If you do all your updates in a transaction, you'll find an order of magnitude speedup.

SQLite: Small. Fast. Reliable. Choose any three., opens a write transaction, it will lock all the tables. I'm used to use a simple adapter, like SingleThreadOnly above, to access SQLite databases, but when I needed it in a multi-threaded application, a server, well, it crashed. The class MultiThreadOK above provides a multi-threaded enabled access to SQLite databases. It can be used as a drop in replacement for SingleThreadOnly.

Maximum Number of Open Simultaneous connections in the latest , provided that no single database connection is used simultaneously in two or more threads. Get the current thread's connection to the database, creating the connection if one does not exist. Ask the connection to give us a cursor. Call cursor.execute() to execute the query. If we are in auto-commit mode (i.e. no transaction is active), call the connection's commit() method to sync the changes to the database.

Python multithreading and SQLite or a similar DB : Python, available, or any other resource the operating system needs. Whatever it is, it's a high number rather than something like 10. Make sure sqlite is compiled with the multi threaded flag. You must call open on your sqlite file to create a connection on each thread, don't share connections between threads. SQLite has a very conservative threading model, when you do a write operation, which includes opening transactions that are about to do an INSERT/UPDATE/DELETE, other threads will be blocked until this operation completes.

MultiThread support for SQLite access. « Python recipes , Preferably I would like a Python/Sqlite solution but if that is not possible I am You could possibly create a queue that is shared between the threads. This then allows threads to write to the queue and then a specific thread will the multithreading and the queue Python modules to see how I can apply that to my case The most efficient solution for a single-threaded application is to simply have direct access to a single database connection. Every solution is in principle a modification or extension of this idea, and will therefore add a certain overhead. This overhead manifests itself in both increased CPU and memory usage.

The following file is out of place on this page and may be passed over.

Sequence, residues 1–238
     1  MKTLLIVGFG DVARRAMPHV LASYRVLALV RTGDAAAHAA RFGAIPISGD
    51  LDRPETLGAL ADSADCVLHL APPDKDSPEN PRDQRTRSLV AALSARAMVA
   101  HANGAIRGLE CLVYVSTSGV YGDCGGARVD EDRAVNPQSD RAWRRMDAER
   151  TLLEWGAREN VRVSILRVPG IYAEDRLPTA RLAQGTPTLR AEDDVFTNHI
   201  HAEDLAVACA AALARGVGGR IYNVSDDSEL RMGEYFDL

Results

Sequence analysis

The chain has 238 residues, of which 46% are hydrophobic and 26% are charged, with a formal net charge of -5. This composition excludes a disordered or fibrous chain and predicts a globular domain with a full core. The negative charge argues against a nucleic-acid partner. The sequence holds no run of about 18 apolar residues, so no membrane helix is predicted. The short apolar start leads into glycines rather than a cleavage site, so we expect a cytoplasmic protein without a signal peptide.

Comments
  • Why do they need to share a connection? This seems like a bad idea.
  • Did you read docs.python.org/2/library/sqlite3.html#multithreading? Just create a connection per thread instead.
  • Basically, you need to do your own locking if you share the connection between threads; see bugs.python.org/issue16509 for a hint in that direction. You'd be better of using SQLAlchemy and let it handle pooling(it adds an efficient statement-of-work queuing system as well).
  • @MartijnPieters - No, I completely missed that little note at the bottom of the SQLite page. I mistakenly assumed that the existence of check_same_thread in the sqlite3 python module along with the default compilation option of serialized in SQLite made this possible. Please convert your comment to an answer so that I can mark it correct for the next person who comes along.
  • Thanks, I've converted to connection per thread. That caused the testing code for my application (the real one, not the sample code) to terminate threads early with Database is locked even though I have no lengthy write operations. However, extending the database timeout setting seems to have fixed that without any visible harm to performance. Thanks!
  • Extending the database timeout was not the solution. I still had a few cross-thread uses of connection objects. Once I got rid of those and was very careful to always call .close() on every connection once I was done with it (include in threads that only read from the database) then I was able to set the timeout back to the default and reliably run the application under heavy load.